Bankruptcy filings went down about 1% from March to April, but were still up 17% from a year ago, according to the National Bankruptcy Research Center’s April 2010 Bankruptcy Filings Report.

There were 145,000 bankruptcy filings in the U.S. in April, bringing the total to 510,000 nationwide for 2010. Filings were down nearly 1% from March to April filings increased each month from January to March.

Nevada, Alaska On Opposite Ends Of Spectrum

The majority of April 2010 bankruptcy filings were made by people seeking Chapter 7 bankruptcy, while only 25% were Chapter 13 filings. The Southern states had the highest portion of those Chapter 13 filings. The current filing rate is 4,500 filings per million households (about 1 per 225 households). The report reveals that the highest filing rates existed in Nevada, followed by Georgia, Tennessee, and California. The lowest filing rates were in Alaska, followed by the District of Columbia, and South Carolina.

The highest percentage increase in filings from 2009 to 2010 was apparent in the Southwest region, which may be attributed to the housing downturn and the large numbers of foreclosure filings in the area.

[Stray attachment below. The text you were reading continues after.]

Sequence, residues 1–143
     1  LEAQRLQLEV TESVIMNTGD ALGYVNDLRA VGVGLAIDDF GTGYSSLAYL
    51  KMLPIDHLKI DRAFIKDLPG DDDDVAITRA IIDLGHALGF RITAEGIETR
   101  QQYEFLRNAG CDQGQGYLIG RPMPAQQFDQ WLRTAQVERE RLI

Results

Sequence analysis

Chapter 7 bankruptcy is when a business or individual sells most of its possessions to creditors in an effort to expunge debt. Chapter 13 bankruptcy is when a business or individual undergoes a reorganization of its finances to help alleviate money stressors.

Study Finds Bankruptcy Rates Slowly Decreasing

Analysis of the data, performed by Professor Ronald Mann of the Columbia Law School, revealed that bankruptcy rates are experiencing a general decrease. While filing rates in the Southeast were high in 2010, they represent a drop compared to the rates of 2009. On the other hand, filings in California and Arizona have continued to rise by 40% and 46%, respectively.

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  • Bankruptman

    ATL needs to do a story about how many lawyers endured through 20 hour per days and 300+ hour per months, how many partnerships crumbled due to the absence and stress related to lawyers trying to help save a business, how getting a car service to take you home at 4 a.m. is not a pleasure but a must because the lawyer is so fatigued that he might not make it home if they chose to drive themselves, use a taxi or some form of public transportation.

  • Bankruptman

    ATL needs to do a story about how many lawyers endured through 20 hour per days and 300+ hour per months, how many partnerships crumbled due to the absence and stress related to lawyers trying to help save a business, how getting a car service to take you home at 4 a.m. is not a pleasure but a must because the lawyer is so fatigued that he might not make it home if they chose to drive themselves, use a taxi or some form of public transportation.